Asian and European natural gas benchmarks moved higher over the last week as winter buying heats up and supply disruptions in Australia, Norway and the United States persist. 

Asian spot prices remained strong Monday after hitting their highest point in about a year last week. Meanwhile, the front-month Japan Korea Marker contract was at $6.315/MMBtu on Friday. In Europe, the National Balancing Point and Dutch Title Transfer contracts also finished last week above $5.00 each, their highest point since last winter. 

Tudor, Pickering, Holt & Co. (TPH) said Monday that European gas storage data shows withdrawals for each of the last five days, or two weeks earlier than normal in what the energy investment bank said is a potential bullish indicator for the global gas market. 

“We expect the relatively tight balances are driven by reduced liquefied natural gas (LNG) imports, as U.S. shipments were interrupted by storms throughout the fall and Australian projects have been plagued by downtime, drawing cargoes away from the European market and into Asia,” TPH said. 

The Asian and European markets are feeding off one another at the moment as supplies waver and demand jumps, but TPH analysts cautioned that European inventories will have to draw down far more than they’re currently modelling to avoid seasonal volatility in the spring that could again lead to cargo cancellations in the United States. 

“While a bidding war between European and Asian buyers on the global LNG market remains a key bullish risk this winter, the ample stocks in European and Ukrainian storages combined limit the upside potential,” added Schneider Electric analyst Balint Balazs. 

While LNG plant outages continue in Australia and Norway, the situation seemed to deteriorate further in the United States as the week got underway with word that a semi-submersible drilling rig had drifted into the Sabine Bank Channel and was preventing vessels with drafts over 32 feet from transiting the waterway. That means LNG tankers, which typically have a draft of about 40 feet when they’re fully loaded, can’t take volumes from Sabine Pass LNG. 

According to ClipperData, the last vessel to load at Sabine Pass was the GasLog Gibraltar, which left the facility Oct. 16 with a draft of about 38 feet. Another vessel, the Palu LNG, has been berthed at the terminal since Oct. 15. There were two other LNG ships that appeared to be waiting near the terminal early Monday, the firm added. 

Efforts were also still underway to clean up the Calcasieu Ship Channel, where a rock barge remains submerged and has limited vessel traffic to Cameron LNG. There is no timeline for when full operations might be allowed to resume on the channel. While the situation at Cameron remains “murky,” the U.S. Coast Guard allowed Panamax-size vessels with a draft of less than 36 feet to move up the channel in daylight hours, said EBW Analytics Group, noting that three LNG tankers are now sitting in the Gulf waiting to move to Cameron LNG.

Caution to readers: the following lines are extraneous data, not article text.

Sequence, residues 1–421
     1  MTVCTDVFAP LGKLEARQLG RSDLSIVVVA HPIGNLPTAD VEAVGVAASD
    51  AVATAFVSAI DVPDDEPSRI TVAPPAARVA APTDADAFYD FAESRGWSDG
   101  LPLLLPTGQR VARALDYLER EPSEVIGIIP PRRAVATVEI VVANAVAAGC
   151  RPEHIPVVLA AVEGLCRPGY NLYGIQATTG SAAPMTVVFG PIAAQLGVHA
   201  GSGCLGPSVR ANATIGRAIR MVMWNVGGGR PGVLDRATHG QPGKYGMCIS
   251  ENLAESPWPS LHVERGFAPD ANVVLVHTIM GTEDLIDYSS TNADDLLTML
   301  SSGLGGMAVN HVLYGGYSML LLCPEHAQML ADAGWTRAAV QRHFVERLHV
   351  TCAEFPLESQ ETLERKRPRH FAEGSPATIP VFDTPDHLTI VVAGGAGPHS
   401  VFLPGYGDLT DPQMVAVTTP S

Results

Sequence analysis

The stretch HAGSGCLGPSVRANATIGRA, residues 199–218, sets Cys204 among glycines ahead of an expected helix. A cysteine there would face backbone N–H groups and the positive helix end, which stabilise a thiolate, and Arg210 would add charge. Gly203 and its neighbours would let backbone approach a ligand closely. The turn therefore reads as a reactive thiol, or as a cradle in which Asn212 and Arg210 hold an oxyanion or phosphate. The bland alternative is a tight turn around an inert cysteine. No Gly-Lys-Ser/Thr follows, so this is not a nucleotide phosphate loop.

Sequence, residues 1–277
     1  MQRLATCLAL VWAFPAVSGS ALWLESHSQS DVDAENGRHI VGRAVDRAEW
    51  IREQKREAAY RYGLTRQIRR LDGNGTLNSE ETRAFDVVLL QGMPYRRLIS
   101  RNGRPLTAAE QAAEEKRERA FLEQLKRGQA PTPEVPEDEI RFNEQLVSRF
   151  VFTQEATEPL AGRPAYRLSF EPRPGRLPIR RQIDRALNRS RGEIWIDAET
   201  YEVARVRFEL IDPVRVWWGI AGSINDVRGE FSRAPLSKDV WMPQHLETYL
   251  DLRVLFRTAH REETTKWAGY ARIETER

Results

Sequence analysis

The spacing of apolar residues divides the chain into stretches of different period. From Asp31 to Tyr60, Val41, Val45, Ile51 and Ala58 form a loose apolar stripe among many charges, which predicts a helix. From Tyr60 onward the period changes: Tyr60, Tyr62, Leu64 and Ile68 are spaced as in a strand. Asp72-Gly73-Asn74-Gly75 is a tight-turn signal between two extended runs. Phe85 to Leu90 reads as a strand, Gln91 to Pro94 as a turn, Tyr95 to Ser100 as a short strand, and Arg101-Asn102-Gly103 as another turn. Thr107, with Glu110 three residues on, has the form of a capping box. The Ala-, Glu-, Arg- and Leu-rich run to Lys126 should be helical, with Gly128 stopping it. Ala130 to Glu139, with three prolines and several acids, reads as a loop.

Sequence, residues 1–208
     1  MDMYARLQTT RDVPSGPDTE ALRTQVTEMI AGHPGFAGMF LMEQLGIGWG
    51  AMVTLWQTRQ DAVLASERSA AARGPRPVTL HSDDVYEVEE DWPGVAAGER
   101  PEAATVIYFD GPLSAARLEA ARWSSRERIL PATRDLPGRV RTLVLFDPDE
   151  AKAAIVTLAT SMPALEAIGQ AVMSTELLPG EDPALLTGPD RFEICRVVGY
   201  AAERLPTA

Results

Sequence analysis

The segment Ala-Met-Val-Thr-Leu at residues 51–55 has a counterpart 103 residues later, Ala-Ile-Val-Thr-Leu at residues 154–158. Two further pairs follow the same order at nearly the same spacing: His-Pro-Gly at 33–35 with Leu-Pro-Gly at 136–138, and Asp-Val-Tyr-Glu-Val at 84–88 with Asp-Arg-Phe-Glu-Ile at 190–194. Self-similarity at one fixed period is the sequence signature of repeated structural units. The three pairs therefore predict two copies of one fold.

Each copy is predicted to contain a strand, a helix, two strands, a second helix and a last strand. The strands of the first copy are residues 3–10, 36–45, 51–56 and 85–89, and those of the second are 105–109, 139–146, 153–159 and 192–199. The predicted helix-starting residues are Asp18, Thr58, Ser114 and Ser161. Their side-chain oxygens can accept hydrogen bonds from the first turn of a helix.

The situation at Cameron and Sabine Pass has weighed on U.S. gas prices, which dipped early Monday before gaining on colder forecasts. 

Feed gas deliveries to Cameron have increased, going from 525 MMcf on Sunday to 804 MMcf on Monday. Feed gas deliveries to all U.S. export terminals were also up, going from 7.46 Bcf on Sunday to 7.90 Bcf on Monday, according to NGI data. 

Pipeline deliveries to the terminals have remained stable over the last week at more than 7 Bcf even as Train 1 at Sabine Pass LNG is offline due to a small fire at the thermal oxidizer knockout drum on Oct. 11, according to a filing with the Federal Energy Regulatory Commission. Repairs are underway on the unit. 

In other news, the Trans Adriatic Pipeline, which would move natural gas from Azerbaijan to Europe is completed and has been filled with gas. The line has been contracted for 1 Bcf/d and is preparing for commercial operations. 

Royal Dutch Shell plc also said last week that full production at its floating LNG facility, Prelude, won’t resume this year. The vessel, which can produce 3.6 million metric tons of LNG per year, has been offline with technical issues since February. 

Elsewhere, New Fortress Energy Inc., which is focussed on introducing LNG in markets that lack access to the fuel for power generation, has signed a memorandum of understanding with the Phillippine National Oil Co. to advance the development of infrastructure to supply natural gas for electricity generation. 

Marine security firm Dryad Global also said over the weekend that the LNG tanker, Methane Princess, was attacked by pirates shortly after breaking off loading operations while berthed at Malabo, Equatorial Guinea. One crewmember from the Philippines was taken hostage, while two others were reported injured.